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Dust and chemical exposures, and miscarriage risk among women textile workers in Shanghai, China
  1. E Y Wong1,2,
  2. R M Ray2,
  3. D-L Gao3,
  4. K J Wernli1,2,
  5. W Li1,2,
  6. E D Fitzgibbons2,
  7. J E Camp4,
  8. G Astrakianakis4,
  9. P J Heagerty5,
  10. A J De Roos1,2,
  11. V L Holt1,2,
  12. D B Thomas1,2,
  13. H Checkoway1,2,4
  1. 1
    Department of Epidemiology, School of Public Health and Community Medicine, University of Washington, Seattle, Washington, USA
  2. 2
    Program in Epidemiology, Fred Hutchinson Cancer Research Center, Seattle, Washington, USA
  3. 3
    Department of Epidemiology, Zhong Shan Hospital Cancer Center, Shanghai, People’s Republic of China
  4. 4
    Department of Environmental and Occupational Health Sciences, School of Public Health and Community Medicine, University of Washington, Seattle, WA, USA
  5. 5
    Department of Biostatistics, School of Public Health and Community Medicine, University of Washington, Seattle, WA, USA
  1. H Checkoway, Department of Environmental and Occupational Health Sciences, School of Public Health and Community Medicine, University of Washington, Box 357234, Seattle, WA 98195-7234, USA; checko{at}u.washington.edu

Abstract

Introduction: To investigate possible associations between miscarriage and occupational exposures in the Shanghai textile industry.

Methods: A retrospective cohort study of miscarriages among 1752 women in the Shanghai textile industry was conducted. Reproductive history was self-reported by women and occupational work histories were collected from factory personnel records. Occupational exposures were assigned by linking work history information to an industry-specific job-exposure matrix informed by factory-specific textile process information and industrial hygiene assessments. Estimates of cotton dust and endotoxin exposure were also assigned. Odds ratios (OR) and 95% CI were estimated by multivariate logistic regression, with adjustment for age at pregnancy, educational level, smoking status of the woman and her spouse, use of alcohol, and woman’s year of birth.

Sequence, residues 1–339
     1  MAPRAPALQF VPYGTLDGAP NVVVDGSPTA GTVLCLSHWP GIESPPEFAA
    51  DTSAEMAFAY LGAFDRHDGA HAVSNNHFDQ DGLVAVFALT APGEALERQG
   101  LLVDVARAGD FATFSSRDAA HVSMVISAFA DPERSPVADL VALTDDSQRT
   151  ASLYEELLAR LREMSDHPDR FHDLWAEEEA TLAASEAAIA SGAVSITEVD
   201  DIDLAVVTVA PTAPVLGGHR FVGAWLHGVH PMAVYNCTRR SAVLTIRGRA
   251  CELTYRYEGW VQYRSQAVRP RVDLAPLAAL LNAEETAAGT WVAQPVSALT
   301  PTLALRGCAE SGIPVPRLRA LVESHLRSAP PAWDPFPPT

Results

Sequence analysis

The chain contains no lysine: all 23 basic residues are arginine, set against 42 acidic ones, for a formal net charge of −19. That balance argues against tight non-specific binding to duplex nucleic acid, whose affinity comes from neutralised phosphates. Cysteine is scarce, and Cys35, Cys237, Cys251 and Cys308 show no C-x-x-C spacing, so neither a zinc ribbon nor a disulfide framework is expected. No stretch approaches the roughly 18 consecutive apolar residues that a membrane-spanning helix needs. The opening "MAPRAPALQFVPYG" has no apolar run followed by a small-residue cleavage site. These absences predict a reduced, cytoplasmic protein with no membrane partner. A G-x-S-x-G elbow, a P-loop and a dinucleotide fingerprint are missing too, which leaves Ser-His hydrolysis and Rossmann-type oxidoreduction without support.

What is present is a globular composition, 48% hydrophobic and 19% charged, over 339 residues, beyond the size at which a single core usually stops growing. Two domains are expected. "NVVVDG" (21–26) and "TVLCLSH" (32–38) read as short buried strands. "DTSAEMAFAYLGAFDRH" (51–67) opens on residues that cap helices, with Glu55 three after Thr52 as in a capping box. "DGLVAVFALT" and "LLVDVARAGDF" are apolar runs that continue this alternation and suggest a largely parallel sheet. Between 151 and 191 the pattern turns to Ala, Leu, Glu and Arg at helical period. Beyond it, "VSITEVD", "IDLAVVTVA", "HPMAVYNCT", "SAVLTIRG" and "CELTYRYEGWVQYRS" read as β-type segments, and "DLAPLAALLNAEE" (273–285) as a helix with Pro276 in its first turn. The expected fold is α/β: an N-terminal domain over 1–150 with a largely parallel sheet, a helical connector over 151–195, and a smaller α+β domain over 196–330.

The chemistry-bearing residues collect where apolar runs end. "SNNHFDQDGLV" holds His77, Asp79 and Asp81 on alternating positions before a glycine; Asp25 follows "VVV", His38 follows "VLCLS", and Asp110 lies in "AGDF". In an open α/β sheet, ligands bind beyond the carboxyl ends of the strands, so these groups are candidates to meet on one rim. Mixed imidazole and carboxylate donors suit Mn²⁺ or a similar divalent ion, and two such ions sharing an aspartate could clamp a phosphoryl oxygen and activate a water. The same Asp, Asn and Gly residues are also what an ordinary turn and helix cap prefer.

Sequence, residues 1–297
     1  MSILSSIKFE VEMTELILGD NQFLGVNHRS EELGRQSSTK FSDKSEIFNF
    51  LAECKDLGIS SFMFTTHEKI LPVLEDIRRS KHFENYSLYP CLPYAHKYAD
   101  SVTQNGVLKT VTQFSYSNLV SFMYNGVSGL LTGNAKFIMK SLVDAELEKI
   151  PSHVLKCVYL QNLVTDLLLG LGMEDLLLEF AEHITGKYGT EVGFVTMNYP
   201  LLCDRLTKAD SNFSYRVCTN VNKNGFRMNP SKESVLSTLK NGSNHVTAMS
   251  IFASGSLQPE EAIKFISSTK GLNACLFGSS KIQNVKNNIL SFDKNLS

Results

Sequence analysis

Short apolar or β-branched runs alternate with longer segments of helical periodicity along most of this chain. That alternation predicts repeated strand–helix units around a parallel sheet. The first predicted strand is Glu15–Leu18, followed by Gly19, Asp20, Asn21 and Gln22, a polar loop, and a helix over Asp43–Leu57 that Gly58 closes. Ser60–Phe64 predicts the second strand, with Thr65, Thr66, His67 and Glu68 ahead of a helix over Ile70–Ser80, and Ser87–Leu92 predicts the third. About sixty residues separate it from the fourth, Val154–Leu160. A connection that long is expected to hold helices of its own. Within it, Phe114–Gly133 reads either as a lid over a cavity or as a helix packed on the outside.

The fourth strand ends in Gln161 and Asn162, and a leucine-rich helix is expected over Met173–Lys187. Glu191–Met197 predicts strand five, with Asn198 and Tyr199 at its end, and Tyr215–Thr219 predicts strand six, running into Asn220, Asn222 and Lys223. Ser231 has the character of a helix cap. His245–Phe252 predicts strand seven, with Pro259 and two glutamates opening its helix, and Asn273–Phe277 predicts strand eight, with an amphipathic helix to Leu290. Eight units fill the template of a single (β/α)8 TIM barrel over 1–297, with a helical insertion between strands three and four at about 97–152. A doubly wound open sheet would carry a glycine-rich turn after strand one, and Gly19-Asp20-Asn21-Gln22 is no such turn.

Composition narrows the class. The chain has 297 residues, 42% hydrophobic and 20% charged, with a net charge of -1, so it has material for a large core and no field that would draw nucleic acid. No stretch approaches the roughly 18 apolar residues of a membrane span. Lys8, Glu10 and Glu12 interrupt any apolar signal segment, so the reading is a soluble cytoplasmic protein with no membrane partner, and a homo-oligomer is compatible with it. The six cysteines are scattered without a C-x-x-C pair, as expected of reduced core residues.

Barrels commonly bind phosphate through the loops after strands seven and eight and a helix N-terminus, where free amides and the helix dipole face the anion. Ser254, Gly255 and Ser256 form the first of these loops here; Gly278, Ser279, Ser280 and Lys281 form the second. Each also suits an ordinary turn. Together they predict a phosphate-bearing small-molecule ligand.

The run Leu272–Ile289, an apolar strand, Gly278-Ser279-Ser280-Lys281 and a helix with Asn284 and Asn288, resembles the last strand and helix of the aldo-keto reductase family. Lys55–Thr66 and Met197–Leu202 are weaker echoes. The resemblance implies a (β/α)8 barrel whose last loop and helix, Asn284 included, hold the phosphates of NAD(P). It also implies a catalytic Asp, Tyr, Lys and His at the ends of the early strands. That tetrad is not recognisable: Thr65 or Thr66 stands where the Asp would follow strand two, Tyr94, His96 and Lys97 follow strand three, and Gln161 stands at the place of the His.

Results: An elevation in risk of a spontaneously aborted first pregnancy was associated with exposure to synthetic fibres (OR 1.89, 95% CI 1.20 to 3.00) and mixed synthetic and natural fibres (OR 3.31, 95% CI 1.30 to 8.42). No increased risks were observed for women working with solvents, nor were significant associations observed with quantitative cotton dust or endotoxin exposures. Associations were robust and similar when all pregnancies in a woman’s reproductive history were considered.

Conclusions: Occupational exposure to synthetic fibres may cause miscarriages, and this possibility should be the subject of further investigation.

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Footnotes

  • Funding: This research was supported by grants R01 CA80180 from the US National Cancer Institute, R01 OH008149 from the US National Institute for Occupational Safety and Health, and by training grant T32ES07262 from the US National Institute of Environmental Health Sciences.

  • Competing interests: None.

  • All procedures in this study were approved by the relevant institutional review boards of the Fred Hutchinson Cancer Research Center (Seattle, USA) and the Shanghai Textile Industry Bureau (Shanghai, China).

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